About this Research Topic
Protein therapeutics provide critical medical interventions for many of the most complex and intractable diseases. Immunogenicity, the capacity of the protein therapeutic to elicit an undesired anti-drug antibody (ADA) response, is a key concern and is evaluated in the context of a patient focused risk-based assessment and by assays during clinical trials. Thus, immune responses to life saving therapeutics such as Enzyme Replacement Therapies (ERT) for Lysosomal Storage Diseases and Factor VIII for Hemophilia A constitute a severe risk necessitating mitigating strategies. Moreover, while ADA may not be life threatening, they can nullify the efficacy of therapeutics and sharply diminish patient quality of life. For example, within 5 years, 30-70% of patients receiving TNF-alfa inhibitor therapeutics experience “secondary failure” due to ADA. Similarly, about a quarter of hemophilia A patients develop ADAs to Factor VIII (known as inhibitors) leading to severely diminished quality of life and significant medical costs.
Additionally, exciting new medical interventions that hold immense promise in areas of unmet medical need may be limited in their applications due to immunogenicity. For example, novel gene-editing technologies, such as CRISPR-Cas may be limited by the presence of pre-existing antibodies and T-cell responses to the Cas9-protein, and gene therapies using AAV vectors can be similarly limited by the presence of preexisting immunity to the AAV capsid proteins.
The last decade has seen progress in basic and translational immunology that can help us better understand the generation and prevention of ADA to therapeutic proteins and gene therapies. The biopharmaceutical industry and regulatory agencies have developed and validated methods to identify and characterize immune responses to drugs during clinical trials. Other aspects of translational research are less mature but nonetheless have progressed considerably, including novel in silico, in vitro and ex vivo tools which can better predict the immunogenicity of therapeutic proteins, allowing for selection of the best candidates to enter the clinic. Such sophisticated prediction tools, together with high-throughput sequencing and HLA typing may allow prediction of which individuals are at high-risk of developing an immune response, thereby applying mitigation strategies in a targeted manner, and facilitate protein engineering for the “de-immunization” of highly immunogenic epitopes. In addition to predicting immunogenicity, there are established antigen targeted tolerance induction protocols that have proven highly effective in preventing or reestablishing immune tolerance to therapeutic proteins and several approaches for antigen specific immune-tolerance induction under active development.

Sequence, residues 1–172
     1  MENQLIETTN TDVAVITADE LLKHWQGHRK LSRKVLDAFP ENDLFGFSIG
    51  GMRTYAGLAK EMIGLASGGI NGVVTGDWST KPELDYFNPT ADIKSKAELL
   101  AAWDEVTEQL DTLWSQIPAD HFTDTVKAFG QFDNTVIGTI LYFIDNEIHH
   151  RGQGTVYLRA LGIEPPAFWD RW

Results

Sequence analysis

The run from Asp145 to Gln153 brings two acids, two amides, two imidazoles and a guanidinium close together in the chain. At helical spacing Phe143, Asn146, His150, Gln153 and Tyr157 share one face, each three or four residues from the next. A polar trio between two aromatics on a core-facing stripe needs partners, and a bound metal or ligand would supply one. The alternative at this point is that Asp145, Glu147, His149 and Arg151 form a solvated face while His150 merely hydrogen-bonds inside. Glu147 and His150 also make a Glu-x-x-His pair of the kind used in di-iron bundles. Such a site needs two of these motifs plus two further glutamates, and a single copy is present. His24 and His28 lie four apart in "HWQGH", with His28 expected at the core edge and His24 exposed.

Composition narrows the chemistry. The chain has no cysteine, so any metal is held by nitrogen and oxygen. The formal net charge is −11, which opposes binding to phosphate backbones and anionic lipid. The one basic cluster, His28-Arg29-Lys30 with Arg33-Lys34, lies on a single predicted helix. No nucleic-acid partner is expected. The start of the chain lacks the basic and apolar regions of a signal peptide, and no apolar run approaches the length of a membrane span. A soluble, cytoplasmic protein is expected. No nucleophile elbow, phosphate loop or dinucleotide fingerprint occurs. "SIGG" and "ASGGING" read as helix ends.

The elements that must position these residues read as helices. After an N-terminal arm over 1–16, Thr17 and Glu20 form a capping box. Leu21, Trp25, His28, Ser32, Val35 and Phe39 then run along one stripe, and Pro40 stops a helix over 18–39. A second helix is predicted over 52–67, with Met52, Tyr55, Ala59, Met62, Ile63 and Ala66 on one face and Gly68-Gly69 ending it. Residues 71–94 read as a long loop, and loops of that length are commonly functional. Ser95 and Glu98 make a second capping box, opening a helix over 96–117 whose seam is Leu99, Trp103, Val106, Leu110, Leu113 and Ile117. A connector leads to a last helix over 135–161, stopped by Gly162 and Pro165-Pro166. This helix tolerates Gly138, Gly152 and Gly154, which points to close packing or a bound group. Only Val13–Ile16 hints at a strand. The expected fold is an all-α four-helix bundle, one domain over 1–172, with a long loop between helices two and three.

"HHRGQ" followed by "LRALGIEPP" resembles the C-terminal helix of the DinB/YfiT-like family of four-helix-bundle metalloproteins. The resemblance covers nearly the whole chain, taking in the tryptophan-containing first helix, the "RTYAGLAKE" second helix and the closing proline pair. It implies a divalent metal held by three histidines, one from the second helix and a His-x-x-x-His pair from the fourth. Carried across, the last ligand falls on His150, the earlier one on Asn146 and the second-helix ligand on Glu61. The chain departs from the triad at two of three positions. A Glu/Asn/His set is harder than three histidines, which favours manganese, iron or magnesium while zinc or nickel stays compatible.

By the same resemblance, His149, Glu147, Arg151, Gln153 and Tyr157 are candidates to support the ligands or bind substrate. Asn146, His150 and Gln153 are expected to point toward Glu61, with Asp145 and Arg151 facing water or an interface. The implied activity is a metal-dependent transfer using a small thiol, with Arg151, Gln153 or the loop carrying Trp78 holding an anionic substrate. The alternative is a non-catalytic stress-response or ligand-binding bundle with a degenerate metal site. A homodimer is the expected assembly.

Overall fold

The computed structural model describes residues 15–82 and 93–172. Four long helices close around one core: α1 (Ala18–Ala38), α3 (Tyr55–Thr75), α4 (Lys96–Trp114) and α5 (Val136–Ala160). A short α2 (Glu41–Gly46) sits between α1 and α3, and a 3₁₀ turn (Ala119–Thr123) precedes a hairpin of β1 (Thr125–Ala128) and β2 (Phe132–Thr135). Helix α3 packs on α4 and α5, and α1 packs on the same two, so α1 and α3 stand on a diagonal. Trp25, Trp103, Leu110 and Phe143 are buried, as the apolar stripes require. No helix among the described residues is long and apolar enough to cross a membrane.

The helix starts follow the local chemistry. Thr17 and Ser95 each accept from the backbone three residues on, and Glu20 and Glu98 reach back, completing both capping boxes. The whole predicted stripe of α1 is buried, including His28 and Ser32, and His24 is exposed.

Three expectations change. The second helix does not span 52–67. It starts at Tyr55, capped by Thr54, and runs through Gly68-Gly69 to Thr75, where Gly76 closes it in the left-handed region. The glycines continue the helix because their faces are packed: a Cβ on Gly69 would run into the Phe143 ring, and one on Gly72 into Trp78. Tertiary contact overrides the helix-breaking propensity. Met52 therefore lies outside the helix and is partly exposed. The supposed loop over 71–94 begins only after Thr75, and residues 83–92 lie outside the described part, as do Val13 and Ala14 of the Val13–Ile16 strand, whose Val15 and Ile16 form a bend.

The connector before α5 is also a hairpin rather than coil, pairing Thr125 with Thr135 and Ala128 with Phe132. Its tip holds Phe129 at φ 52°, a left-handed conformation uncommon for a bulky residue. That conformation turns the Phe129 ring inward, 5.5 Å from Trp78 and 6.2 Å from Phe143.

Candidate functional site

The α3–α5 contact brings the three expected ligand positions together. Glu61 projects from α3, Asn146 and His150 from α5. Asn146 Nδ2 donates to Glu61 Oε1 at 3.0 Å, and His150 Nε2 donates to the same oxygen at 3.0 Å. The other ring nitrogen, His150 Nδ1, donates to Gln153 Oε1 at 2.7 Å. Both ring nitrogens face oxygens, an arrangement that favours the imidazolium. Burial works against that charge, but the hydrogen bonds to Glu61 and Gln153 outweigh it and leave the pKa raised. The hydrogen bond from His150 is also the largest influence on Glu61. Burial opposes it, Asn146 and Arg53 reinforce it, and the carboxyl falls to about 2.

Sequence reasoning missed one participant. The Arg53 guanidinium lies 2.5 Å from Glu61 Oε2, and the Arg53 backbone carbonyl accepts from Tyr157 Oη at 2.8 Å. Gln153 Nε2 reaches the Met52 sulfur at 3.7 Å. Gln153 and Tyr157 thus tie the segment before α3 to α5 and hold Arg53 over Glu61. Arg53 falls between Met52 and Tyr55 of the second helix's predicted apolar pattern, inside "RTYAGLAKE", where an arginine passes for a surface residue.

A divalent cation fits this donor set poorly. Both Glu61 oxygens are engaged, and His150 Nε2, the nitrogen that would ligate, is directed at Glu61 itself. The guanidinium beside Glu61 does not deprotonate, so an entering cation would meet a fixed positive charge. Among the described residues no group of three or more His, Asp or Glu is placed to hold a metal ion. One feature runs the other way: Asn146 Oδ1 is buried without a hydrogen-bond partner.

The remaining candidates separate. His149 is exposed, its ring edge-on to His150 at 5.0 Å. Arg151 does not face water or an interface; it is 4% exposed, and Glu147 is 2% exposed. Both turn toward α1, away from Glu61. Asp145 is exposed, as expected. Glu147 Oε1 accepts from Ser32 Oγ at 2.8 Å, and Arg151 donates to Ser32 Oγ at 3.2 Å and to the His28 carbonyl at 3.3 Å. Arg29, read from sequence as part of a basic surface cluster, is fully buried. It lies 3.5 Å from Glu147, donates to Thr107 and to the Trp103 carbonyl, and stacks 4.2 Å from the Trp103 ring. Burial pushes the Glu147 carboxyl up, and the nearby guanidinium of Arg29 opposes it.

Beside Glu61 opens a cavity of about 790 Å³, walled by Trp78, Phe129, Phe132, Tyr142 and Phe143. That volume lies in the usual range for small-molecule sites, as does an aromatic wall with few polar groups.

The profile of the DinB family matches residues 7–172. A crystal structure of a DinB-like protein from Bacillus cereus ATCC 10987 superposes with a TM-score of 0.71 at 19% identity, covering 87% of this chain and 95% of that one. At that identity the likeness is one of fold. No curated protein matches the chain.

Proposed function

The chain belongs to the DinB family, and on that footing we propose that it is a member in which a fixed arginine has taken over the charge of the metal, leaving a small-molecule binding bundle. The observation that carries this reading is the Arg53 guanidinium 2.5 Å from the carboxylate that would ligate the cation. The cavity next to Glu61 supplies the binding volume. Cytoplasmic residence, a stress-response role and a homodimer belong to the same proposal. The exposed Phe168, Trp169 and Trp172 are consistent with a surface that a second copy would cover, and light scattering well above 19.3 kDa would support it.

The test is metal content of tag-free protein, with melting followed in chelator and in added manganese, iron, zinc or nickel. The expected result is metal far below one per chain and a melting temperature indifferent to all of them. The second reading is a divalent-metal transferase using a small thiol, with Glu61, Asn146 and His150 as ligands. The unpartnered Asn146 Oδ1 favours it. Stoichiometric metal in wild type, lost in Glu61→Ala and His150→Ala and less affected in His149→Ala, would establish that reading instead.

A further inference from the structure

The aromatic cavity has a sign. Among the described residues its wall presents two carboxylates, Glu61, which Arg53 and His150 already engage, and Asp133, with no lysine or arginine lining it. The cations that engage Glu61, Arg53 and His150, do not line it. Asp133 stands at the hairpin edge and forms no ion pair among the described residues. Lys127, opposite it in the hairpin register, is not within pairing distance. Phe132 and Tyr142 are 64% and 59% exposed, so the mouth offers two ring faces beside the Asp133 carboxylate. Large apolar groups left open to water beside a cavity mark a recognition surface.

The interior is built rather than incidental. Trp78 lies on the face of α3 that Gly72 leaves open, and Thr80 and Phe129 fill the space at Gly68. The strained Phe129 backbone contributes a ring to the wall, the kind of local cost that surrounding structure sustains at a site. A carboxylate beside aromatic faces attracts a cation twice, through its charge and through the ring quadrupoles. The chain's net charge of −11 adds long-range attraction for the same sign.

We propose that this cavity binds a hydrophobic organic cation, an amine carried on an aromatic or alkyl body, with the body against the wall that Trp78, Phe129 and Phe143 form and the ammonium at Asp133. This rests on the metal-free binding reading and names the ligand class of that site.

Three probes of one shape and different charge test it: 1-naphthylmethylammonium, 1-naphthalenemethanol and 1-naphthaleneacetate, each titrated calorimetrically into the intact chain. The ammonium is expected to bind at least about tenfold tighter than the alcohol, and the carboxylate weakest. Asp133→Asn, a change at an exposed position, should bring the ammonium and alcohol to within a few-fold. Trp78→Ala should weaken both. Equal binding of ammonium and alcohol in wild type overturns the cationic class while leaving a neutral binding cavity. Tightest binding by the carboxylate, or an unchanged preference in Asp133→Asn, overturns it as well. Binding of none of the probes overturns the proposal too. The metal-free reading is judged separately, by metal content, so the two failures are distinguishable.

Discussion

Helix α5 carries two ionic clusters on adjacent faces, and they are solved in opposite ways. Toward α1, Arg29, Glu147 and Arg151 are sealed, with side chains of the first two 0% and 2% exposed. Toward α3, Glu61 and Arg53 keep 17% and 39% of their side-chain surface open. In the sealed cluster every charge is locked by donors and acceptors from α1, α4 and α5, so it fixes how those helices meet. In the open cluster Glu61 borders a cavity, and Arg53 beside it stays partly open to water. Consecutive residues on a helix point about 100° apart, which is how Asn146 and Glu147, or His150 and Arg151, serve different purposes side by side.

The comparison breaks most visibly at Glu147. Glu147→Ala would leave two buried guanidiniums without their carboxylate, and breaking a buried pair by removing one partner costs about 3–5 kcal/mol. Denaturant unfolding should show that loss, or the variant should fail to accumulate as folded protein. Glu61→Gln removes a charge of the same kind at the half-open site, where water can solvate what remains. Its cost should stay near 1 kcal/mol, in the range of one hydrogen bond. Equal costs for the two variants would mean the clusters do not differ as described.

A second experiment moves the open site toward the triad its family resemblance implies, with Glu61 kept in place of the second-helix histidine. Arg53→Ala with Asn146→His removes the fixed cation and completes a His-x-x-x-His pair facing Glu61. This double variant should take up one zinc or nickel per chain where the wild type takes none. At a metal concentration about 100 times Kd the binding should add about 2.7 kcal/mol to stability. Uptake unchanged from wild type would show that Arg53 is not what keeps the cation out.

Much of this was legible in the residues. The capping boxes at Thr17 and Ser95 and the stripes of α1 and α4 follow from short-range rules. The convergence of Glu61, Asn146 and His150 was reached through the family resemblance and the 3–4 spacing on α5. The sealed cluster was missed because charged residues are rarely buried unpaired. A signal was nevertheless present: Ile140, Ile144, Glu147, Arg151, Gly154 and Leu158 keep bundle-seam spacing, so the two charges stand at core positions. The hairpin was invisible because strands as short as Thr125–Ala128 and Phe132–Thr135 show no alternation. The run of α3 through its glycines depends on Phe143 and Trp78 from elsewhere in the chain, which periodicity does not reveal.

The approaches described above have emerged in many different clinical settings and drug applications. The primary goal of this special issue is to consolidate the facets of the topic and in logical order: risk assessment, prediction, assays, and mitigation strategies. The articles solicited should be forward looking: what is the state of the art; an evaluation of the most promising approaches; and what can we expect in the near future? How can we ensure that the promise of current protein therapeutics is fully realized? More importantly, there are emerging products and therapeutic approaches with immense promise: how do we ensure that these are not stymied by immunogenicity?
Topic Editor Susan Richards is an employee of Sanofi and owns stock in the corporation. Topic Editor Bernard Maillere declares economic support from pharmaceutical companies (Novartis, Sanofi, and UCB) in the frame of collaborations aiming to evaluate the recognition by human T cells of therapeutic proteins and antibodies.
Keywords: anti-drug antibodies, drug development, immunogenicity, protein engineering, risk-assessment
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